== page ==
Shahi baaja

From Wikipedia, the free encyclopedia
Jump to: navigation, search

The shahi baaja ("royal instrument") is an electrified and slightly modified version of the Indian bulbul tarang, a type of Indian zither to which have been added typewriter keys which depress several of the strings to change their pitch. The modifications also include the addition of 12 additional unfretted strings which serve as an attached swarmandal (drone harp).

The instrument is currently used in everything from semi-classical and popular Indian music to ambient techno, psychedelic rock and even Hebrew fusion music.[citation needed]

Construction[edit]

The instrument is about 37 inches (94 cm) long and the current official configuration includes a double pick up, tone and volume controls, 30-typewriter type keys, and a solid wood body.

Playing[edit]

The metal strings are plucked or strummed with picks while depressing the keys to change the notes. Some of the strings, which provide melody, are acted on by the keys, while the drone and sympathetic strings are not fretted. The instrument has 8 main strings, 2 sympathetic resonating strings and a 12-string electric drone harp.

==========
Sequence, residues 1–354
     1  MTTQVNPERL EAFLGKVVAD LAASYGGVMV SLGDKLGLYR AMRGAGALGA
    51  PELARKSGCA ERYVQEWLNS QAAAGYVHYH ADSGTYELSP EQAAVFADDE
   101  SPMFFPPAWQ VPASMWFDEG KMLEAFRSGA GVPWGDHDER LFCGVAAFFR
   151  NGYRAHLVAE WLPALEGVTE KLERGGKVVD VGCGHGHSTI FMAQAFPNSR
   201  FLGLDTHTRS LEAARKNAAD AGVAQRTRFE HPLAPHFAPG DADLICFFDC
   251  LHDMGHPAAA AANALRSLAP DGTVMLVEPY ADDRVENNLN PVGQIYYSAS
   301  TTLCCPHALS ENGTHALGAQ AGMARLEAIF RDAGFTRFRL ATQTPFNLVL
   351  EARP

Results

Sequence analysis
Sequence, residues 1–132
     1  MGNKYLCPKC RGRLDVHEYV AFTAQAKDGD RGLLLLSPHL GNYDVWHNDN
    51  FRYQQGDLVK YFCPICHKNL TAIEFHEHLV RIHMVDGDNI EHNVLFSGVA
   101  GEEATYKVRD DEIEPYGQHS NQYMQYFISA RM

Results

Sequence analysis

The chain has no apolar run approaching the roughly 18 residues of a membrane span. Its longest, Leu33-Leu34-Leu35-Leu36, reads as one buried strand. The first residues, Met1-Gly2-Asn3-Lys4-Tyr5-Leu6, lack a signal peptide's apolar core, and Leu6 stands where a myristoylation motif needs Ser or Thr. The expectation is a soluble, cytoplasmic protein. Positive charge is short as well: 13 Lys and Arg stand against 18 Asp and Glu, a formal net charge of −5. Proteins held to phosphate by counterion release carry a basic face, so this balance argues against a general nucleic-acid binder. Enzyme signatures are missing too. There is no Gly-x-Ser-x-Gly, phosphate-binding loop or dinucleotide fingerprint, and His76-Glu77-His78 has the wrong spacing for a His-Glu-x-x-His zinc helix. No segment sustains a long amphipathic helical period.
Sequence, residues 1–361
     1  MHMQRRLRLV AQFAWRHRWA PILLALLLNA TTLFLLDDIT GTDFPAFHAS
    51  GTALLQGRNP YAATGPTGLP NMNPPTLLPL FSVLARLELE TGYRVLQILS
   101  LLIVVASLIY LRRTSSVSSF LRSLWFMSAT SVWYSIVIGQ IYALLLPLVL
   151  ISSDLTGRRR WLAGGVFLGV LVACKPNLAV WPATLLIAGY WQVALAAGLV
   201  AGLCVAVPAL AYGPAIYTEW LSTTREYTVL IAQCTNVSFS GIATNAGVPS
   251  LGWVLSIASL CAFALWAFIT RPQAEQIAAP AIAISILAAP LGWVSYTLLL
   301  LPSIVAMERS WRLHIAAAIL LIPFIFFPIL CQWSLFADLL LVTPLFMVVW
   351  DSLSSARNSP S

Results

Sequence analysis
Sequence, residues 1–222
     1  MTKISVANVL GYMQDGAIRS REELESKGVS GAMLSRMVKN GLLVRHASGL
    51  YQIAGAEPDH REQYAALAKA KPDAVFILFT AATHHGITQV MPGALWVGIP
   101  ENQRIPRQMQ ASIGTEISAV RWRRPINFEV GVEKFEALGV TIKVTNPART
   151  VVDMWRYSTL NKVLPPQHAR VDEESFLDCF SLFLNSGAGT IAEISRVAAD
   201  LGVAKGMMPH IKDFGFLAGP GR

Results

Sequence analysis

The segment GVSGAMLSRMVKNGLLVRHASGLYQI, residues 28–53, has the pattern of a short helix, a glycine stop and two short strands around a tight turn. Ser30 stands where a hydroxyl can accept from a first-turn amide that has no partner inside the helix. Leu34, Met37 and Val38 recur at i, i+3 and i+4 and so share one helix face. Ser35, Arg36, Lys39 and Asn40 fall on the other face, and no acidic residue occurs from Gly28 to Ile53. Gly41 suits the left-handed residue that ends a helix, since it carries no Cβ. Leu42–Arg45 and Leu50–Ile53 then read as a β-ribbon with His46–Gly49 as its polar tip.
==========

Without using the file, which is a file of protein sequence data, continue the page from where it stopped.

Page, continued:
Contemporary Use[edit]

The instrument has been used in indie and fusion music, with at least 40 major bands using this for lead or for vocal accompaniment[citation needed], such as Twigs, Beck, Rapoon, and Robin Storey. Michael Flower of Vibracathedral Orchestra has been playing this instrument in a free-improv duo with Chris Corsano since 2006.

Sound Samples[edit]